With the requisite countdown and the push of a button, Valparaiso Mayor Jon Costas lit the city’s new dark fiber network at a recent City Council meeting.
Offering high-speed internet access to businesses and internet service providers, as well as redundancy, or a backup network, and greater connectivity, officials said ValpoNet also provides the promise of new business growth for companies that require the kind of technology that hasn’t been available here before.
“Fiber is the new information highway so the more exits we have, the more connectivity, the better,” said Heather Ennis, president and chief executive officer of the Northwest Indiana Forum, adding other communities, including Chesterton, Hobart and East Chicago, are also in various stages of setting up networks.
“Creating more infrastructure for business opportunities is something communities continue to be more active in,” she added.
When first tasked with helping establish a dark fiber network, Patrick Lyp, the city’s economic development director, said the business community identified five challenges the city would have to overcome: access to dark fiber was limited; capital costs were prohibitive; there was almost no opportunity to obtain dark fiber; there were few options for a network; and there were few options for service redundancy.
“Based on where we are today, all five of those challenges identified by the business community will be addressed,” Lyp said.
ValoNet, said Rex Richards, president of the Greater Valparaiso Chamber of Commerce, is an asset for both existing businesses that want to connect to the network at a reasonable cost and for new businesses that need the connectivity.
“Technology is a major cost of doing business,” he said, adding city officials considered where potential business users were before establishing the network.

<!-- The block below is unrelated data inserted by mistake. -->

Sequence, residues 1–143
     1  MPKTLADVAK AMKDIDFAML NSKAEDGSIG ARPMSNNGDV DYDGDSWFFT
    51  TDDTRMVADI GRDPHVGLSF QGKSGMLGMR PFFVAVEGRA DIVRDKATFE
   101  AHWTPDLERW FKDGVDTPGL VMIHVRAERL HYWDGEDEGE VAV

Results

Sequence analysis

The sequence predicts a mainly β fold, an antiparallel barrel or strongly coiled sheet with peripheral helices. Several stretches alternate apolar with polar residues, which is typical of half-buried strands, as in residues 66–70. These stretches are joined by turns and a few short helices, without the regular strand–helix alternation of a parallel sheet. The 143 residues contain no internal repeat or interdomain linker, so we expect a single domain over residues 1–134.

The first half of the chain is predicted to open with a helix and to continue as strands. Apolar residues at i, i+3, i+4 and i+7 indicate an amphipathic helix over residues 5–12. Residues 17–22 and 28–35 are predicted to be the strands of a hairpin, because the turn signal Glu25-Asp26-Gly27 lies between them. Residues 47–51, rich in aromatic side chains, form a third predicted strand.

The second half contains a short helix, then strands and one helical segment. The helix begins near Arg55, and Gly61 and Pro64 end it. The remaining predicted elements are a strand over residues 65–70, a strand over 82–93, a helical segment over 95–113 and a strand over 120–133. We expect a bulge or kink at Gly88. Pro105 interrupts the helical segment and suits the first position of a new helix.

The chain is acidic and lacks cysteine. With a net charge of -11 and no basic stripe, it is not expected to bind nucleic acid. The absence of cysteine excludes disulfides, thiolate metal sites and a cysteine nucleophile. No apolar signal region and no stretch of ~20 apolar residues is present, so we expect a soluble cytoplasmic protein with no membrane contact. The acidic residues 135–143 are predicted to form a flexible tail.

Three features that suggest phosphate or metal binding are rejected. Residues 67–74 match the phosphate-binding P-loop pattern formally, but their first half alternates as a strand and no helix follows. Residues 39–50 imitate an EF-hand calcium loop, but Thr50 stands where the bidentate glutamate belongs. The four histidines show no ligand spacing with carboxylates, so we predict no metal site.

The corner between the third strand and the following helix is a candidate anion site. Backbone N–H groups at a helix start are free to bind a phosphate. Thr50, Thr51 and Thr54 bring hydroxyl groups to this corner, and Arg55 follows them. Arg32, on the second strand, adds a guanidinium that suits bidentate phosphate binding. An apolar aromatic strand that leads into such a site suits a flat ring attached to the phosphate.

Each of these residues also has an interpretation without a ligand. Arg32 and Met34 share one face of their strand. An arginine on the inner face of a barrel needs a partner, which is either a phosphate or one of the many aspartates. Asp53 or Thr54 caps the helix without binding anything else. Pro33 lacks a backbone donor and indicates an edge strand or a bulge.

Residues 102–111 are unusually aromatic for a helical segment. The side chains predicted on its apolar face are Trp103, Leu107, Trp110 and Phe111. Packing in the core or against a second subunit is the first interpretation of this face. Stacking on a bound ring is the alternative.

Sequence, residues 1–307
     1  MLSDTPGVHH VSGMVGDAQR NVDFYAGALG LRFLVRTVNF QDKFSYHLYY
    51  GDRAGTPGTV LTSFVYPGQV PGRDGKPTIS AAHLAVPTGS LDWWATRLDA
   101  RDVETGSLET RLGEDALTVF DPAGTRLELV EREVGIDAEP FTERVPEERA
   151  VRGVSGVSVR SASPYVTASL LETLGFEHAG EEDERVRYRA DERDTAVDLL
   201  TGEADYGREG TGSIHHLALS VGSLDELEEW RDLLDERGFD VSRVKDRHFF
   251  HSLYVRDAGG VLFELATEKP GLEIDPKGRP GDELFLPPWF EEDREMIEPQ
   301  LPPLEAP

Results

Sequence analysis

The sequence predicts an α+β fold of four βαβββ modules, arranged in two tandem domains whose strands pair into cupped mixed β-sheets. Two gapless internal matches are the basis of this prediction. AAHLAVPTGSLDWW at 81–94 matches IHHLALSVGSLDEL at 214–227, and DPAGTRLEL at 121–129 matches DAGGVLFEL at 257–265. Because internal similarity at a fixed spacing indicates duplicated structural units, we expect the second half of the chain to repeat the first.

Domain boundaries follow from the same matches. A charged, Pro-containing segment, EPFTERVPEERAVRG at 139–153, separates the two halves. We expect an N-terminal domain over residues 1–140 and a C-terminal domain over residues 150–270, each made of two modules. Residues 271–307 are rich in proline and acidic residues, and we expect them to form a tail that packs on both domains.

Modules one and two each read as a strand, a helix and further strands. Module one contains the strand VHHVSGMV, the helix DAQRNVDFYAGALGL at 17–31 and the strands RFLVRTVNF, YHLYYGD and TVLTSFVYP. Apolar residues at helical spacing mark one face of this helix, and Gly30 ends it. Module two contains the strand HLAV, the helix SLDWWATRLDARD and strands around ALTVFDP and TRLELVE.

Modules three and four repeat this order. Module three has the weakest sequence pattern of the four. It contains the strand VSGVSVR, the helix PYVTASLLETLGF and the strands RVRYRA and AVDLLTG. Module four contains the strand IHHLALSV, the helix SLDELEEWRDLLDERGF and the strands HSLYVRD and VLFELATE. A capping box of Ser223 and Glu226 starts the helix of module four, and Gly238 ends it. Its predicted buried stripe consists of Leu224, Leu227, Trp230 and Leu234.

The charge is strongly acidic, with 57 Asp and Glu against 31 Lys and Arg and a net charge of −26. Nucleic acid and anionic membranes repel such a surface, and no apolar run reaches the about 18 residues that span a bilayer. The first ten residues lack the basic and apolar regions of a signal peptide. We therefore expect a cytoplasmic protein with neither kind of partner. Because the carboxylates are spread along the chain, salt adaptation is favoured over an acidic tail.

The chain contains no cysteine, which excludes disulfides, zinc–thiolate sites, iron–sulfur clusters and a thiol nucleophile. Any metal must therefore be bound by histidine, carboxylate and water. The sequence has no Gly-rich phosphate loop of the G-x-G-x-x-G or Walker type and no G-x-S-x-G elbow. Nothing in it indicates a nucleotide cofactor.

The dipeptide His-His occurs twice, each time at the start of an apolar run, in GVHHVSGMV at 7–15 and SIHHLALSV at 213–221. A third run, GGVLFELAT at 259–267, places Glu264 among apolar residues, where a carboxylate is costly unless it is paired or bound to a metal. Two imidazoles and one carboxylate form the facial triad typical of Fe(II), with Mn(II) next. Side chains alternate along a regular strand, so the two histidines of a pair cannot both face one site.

The project started four years ago, shortly after Lyp was named to his post, when a local business that requires abundant high-speed internet service wanted to expand but was concerned about whether the city could meet its technological needs, Lyp said.
Officials realized other businesses had the same need and the project grew from there.
The network has north and south loops around the city, with an east-west connector and the ability to expand as needed via spurs from the main loops, Lyp said.
“No matter how much cloud, no matter how much wireless, you will always need fiber connectivity to get the information back and forth, and our current technology hasn’t pushed the limits of fiber,” Lyp said, adding he’s told that won’t happen for “years and years.”
ValpoNet is owned and managed by the city, Lyp said, and businesses can use their own providers or hire one to connect to the network. The city hasn’t signed any contracts with users yet and will have a pricing structure and other details in the coming days that will have to go before the city’s redevelopment commission.
Once all that’s in place, he said, businesses and internet service providers can contract for the service. While the short-term goal is signing up customers, in the long term, new and existing businesses and residents will find a way to use the network, he added.
Construction expenses for the underground network have been $2.2 million to date, with the expectation that revenue will reimburse the redevelopment commission over the next 10 years, Lyp said. He added that there would be additional funds used to offset the cost of lateral construction but those will be reimbursed by the customer.
City council members lauded the project and what it means for the city at a recent council meeting.
Councilman Robert Cotton, D-2nd, said ValpoNet and its potential impact excited him.
“I do look forward to a greater expansion into the residential (areas),” he said, adding the network adds to the city’s “quality of place.”
Councilman George Douglas, R-5th, said the network “is going to transform our community.”